This deep trust reposed in the party has been waning in the past couple of decades, further shaken in recent times post the Sabarimala episode. Looking back, it could be observed that the Chief Minister’s decision to set up the ‘Navodhana Samrakshana Samiti’ to usher in a second wave of renaissance, consisting of representatives of some of the most retrograde social forces in Kerala, was most unfortunate. It had representation from pro-Sangh Parivar groupings like the ‘Hindu Parliament’ to the SNDP, whose political arm is allied with the Bharatiya Janata Party (BJP) in the state. Pinarayi Vijayan was abandoning the traditional Communist standpoint on social affairs and building bridges with the forces that had fought the party tooth and nail at every step.
The government moves contradicted the party’s long-held views. The LDF government was, for all practical purposes, undercutting the legitimacy of the party’s criticism of rigid identity groups even as it maintained close links to the masses, avoiding the intercession of these outfits. It was, as suggested, a delicate balance, and required a mature dialectical understanding of social and historical processes. But unfortunately, this alliance was announced in haste without deliberations in party forums. Perhaps this was the reason why it was given a quiet burial at a later stage. But, by then, the damage had been done.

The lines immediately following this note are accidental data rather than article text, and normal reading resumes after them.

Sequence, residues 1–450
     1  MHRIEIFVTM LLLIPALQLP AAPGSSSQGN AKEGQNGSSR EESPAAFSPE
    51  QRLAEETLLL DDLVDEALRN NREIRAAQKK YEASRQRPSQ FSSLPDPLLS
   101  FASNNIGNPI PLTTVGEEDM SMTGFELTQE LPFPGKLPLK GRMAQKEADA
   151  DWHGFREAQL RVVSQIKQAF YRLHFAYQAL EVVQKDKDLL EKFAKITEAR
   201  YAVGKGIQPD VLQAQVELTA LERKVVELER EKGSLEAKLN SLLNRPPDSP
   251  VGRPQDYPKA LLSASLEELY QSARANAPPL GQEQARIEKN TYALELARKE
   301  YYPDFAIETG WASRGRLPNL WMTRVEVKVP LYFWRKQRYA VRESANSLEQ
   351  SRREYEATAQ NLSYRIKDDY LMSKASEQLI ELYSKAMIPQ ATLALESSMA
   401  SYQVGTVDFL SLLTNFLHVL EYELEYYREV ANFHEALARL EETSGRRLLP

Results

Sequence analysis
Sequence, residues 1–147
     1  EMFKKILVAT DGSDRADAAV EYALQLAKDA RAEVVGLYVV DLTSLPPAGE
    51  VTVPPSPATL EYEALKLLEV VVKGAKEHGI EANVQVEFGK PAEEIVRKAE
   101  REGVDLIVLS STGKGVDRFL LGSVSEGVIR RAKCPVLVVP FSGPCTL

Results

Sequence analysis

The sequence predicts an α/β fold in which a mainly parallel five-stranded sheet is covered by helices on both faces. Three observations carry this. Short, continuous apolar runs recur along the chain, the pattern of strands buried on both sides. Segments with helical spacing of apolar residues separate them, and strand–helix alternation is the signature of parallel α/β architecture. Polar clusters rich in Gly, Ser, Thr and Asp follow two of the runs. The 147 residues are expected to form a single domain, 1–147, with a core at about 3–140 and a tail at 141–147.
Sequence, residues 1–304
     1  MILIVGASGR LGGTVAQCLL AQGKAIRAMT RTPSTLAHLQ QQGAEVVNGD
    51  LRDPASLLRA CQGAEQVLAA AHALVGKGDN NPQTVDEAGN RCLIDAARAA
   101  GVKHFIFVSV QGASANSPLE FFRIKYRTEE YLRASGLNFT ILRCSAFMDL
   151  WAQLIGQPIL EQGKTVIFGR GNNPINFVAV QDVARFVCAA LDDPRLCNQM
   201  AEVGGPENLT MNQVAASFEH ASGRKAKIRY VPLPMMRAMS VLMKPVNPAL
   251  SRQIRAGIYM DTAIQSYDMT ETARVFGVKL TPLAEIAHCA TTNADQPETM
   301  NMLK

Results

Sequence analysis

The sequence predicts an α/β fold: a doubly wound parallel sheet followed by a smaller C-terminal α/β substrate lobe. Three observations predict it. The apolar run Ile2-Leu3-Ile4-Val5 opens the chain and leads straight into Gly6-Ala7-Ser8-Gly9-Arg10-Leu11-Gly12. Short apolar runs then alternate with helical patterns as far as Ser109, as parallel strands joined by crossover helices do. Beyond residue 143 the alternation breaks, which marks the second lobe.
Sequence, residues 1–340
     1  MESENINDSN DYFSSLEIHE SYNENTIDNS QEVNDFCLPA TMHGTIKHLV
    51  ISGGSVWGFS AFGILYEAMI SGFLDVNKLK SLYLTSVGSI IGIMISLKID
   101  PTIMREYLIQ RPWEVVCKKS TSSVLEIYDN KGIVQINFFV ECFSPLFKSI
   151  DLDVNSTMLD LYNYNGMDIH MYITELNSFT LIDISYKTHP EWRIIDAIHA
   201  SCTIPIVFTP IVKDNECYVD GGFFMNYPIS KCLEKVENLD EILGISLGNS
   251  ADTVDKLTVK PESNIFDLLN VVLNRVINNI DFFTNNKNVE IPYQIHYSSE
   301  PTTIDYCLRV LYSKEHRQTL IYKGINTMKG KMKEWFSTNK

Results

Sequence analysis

The objective appears to have been simple enough: to overcome the resistance of organisations like the NSS and polarise the Hindu community on caste lines. This, however, was a very dangerous strategy: it went against the principles of societal unity propounded by the renaissance leaders as well as the Communist Party, which endeavored to unite the people on the basis of class.
Beyond the electoral setback, a deeper problem could be the eventual erosion of class consciousness among the masses and, instead, engendering among them a new sense of identity-based affiliations. For the Communists, it could prove to be self-defeating: once the masses are drawn into the vortex of caste politics, they end up in the black hole of identity politics.
Update: The ‘Hindu Parliament’ on September 12 quit the ‘Navodhana Samrakshana Samiti’ in protest against what its State general secretary C P Sugathan described as a “overwhelmingly backward caste tilt” in the organisation.